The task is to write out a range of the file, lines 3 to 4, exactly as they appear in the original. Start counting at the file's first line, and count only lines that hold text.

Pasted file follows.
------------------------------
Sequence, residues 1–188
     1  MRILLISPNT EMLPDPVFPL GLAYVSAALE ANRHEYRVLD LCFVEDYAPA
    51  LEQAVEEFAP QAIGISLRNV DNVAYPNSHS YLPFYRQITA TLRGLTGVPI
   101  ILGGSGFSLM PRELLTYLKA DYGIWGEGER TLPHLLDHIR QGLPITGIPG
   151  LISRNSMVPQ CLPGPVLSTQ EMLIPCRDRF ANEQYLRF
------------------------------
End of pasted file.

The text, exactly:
    51  LEQAVEEFAP QAIGISLRNV DNVAYPNSHS YLPFYRQITA TLRGLTGVPI
   101  ILGGSGFSLM PRELLTYLKA DYGIWGEGER TLPHLLDHIR QGLPITGIPG